I don't have a CNCDuDeZ CNC winder, but I've spent a fair bit of time on mine (design/build/use). I agree with you 100% on point 1), "zero" position needs to be dead nuts on. It's about the only thing you are going to have full control over.

    On your point 2) bobbin height may be very consistent for plastic HB bobbins, but as soon as you turn to something like a forbon Strat bobbin, accuracy to the n'th degree goes straight out the window. New forbon itself does not have enough thickness variance to affect a wind, but warping and assembly precision definitely do. Any variance in excess of a couple of wire thicknesses will have a noticeable affect on how the wire lays down and looks on the completed wind. You may find that you have issues obtaining consistent bobbin height of forbon style bobbins as a result of the precision with which they are assembled and subject to warping. And then there are those 50's, 60's and 70's Strat and Tele rewinds where the bobbins have flaired WAY out for a number of reasons. You will never get a consistent bobbin height on one of those badly flaired bobbins as is. You need to dig into your bag of tricks to become happy with those rewinds. One thing for certain, even if you mounting plate runs absolutely true, if you bobbin isn't perfectly flat on that surface, the wire is going to wind short on one side and high on the other side on one end of the wind and the exact opposite on the other end, giving it that "diagonal" parallelogram look to the wind. Never something you would put into a customer's hands.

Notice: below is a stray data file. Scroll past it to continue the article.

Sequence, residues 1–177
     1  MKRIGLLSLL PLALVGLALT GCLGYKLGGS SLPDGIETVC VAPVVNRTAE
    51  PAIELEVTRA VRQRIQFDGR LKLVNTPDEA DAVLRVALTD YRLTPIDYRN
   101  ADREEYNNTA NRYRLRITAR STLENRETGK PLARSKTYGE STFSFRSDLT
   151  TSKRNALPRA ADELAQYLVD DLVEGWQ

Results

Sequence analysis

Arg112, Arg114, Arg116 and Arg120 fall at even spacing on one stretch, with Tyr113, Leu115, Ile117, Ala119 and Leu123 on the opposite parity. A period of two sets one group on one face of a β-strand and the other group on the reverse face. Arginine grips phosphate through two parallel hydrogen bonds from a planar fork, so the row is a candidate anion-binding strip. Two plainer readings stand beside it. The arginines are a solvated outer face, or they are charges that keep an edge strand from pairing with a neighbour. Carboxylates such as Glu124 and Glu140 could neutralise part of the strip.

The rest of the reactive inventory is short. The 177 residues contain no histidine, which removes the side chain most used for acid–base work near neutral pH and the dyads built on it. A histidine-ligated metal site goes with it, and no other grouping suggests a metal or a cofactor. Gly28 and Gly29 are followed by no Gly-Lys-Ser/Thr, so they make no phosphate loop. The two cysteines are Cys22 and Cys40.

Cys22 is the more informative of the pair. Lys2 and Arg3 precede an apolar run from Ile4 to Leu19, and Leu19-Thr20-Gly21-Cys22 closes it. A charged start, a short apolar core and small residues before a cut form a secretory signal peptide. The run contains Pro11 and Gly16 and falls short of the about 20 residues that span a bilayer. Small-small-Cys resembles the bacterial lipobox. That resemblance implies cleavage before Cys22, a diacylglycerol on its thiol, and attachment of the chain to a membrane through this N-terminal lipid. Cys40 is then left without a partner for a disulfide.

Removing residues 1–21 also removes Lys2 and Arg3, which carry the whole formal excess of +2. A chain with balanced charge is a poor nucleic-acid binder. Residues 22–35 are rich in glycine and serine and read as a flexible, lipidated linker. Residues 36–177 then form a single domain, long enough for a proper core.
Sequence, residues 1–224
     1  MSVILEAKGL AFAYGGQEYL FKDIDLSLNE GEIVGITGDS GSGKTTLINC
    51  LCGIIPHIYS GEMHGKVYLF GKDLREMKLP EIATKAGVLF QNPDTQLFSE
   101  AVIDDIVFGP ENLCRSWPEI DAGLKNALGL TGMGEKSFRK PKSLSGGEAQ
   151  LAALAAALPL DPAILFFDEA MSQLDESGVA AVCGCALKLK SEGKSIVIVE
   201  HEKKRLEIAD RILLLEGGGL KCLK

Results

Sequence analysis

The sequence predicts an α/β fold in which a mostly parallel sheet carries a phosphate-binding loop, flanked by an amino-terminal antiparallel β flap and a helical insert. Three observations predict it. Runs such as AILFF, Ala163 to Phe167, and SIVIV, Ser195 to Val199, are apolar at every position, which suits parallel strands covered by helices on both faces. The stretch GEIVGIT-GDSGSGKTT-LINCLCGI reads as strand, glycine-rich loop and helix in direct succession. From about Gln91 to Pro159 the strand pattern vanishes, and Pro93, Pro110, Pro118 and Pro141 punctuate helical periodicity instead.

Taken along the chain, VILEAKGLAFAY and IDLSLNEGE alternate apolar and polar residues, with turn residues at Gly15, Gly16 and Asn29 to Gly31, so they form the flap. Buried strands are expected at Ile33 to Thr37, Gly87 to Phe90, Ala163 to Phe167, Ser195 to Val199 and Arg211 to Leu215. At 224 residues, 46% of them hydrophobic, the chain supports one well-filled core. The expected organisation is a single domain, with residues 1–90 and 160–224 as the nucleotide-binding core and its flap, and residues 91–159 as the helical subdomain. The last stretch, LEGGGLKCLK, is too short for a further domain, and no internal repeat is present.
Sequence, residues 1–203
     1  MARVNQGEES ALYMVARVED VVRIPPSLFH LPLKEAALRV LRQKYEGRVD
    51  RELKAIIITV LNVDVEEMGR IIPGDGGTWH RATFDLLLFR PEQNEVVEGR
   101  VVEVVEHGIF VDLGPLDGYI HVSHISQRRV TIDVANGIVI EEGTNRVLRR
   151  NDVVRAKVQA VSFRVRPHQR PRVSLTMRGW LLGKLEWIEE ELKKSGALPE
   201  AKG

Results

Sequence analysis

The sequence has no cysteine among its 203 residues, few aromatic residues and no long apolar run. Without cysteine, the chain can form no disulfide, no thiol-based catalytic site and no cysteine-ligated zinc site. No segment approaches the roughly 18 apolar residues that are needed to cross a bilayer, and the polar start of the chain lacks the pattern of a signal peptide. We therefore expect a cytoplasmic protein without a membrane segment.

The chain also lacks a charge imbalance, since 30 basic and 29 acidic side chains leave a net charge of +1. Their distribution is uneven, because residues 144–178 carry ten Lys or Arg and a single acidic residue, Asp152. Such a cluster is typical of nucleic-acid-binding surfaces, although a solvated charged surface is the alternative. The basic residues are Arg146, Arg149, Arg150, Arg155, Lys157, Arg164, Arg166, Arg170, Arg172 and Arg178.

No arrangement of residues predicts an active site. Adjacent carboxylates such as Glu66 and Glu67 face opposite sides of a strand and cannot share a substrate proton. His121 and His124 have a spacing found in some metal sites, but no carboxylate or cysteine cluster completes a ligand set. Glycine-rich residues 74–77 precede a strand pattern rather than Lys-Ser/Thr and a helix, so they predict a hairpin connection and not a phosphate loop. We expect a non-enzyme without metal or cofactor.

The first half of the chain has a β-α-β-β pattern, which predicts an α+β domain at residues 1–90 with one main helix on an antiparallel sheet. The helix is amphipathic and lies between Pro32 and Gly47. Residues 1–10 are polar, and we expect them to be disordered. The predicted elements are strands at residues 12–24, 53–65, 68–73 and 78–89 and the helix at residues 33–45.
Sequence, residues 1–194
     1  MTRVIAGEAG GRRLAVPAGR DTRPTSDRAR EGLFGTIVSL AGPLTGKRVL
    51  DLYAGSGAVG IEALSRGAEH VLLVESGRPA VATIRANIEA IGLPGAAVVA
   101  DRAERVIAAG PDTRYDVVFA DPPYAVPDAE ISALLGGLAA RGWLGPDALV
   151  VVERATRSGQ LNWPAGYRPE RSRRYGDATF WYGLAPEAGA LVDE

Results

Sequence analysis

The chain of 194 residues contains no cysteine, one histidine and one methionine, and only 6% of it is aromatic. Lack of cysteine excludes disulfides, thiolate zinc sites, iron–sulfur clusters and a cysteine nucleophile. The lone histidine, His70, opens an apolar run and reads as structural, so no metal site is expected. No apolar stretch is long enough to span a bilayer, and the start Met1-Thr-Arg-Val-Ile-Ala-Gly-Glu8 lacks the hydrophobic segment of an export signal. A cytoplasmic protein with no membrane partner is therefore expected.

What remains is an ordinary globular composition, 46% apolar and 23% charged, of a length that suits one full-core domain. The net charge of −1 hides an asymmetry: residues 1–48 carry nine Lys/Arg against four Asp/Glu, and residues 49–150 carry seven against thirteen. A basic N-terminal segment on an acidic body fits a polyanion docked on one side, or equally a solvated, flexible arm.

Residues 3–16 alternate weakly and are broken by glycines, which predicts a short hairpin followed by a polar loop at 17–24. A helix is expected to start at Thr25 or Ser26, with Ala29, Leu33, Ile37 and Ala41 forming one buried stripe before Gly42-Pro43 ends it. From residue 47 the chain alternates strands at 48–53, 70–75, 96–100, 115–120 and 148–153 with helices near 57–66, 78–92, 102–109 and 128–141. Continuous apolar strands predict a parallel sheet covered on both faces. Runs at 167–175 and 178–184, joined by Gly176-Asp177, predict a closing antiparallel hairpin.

On point 3), I'm not sure that wire size really has affected the look of any wind I've done. Even if you're shooting to get side-by-side laydown of the wire it is not going to lay down perfectly side-by-side. If you are, say, putting down some 42SPN and you believe the posted spec of .0028" wire thickness, your tpl calculation would go something like (bobbin height [say .4375"] / wire thickness [say .0028"]) or a turns per layer of 156.25. So you would think that inputting all that would give you a perfect side-by-side wind. While it will look like it and be close, it's never going to happen as once that wire exits the guide it takes on a bit of a life of its own and does what ever it is moved to do, but laying down perfectly is never on it's dance card. I would be targeting a tpl of 156 on the wind vs. any notion of perfect side-by-side laydown of the wire. The other issue with the CNCDuDeZ unit is that having the felt tensioner double as the wire guide produces a wire guide that has potential for a fair bit of lateral movement by the wire as it leaves the felt as the felt "gives way" as a result of the pressure from the wire being pulled left-right-left-right-left. It may start coming squarely off what you perceive as centre, but when you get to the movement part, it begins to drag laterally into the felt a bit. I use a pro style wire guide that I have placed after the tensioner. The opening in my ruby tipped guide is only about 2 wire thicknesses and I can see that the wire "follows" the traverse on a bit of an angle changing with each traverse direction change. That would be way more significant when you include the inherent slop in a felt guide.